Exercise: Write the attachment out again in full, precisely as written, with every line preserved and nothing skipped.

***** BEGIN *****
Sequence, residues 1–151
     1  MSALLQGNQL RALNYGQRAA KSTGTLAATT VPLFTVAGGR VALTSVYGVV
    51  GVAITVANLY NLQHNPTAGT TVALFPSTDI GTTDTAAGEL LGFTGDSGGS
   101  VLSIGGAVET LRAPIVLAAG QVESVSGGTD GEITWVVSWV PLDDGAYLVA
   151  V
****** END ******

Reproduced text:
Sequence, residues 1–151
     1  MSALLQGNQL RALNYGQRAA KSTGTLAATT VPLFTVAGGR VALTSVYGVV
    51  GVAITVANLY NLQHNPTAGT TVALFPSTDI GTTDTAAGEL LGFTGDSGGS
   101  VLSIGGAVET LRAPIVLAAG QVESVSGGTD GEITWVVSWV PLDDGAYLVA
   151  V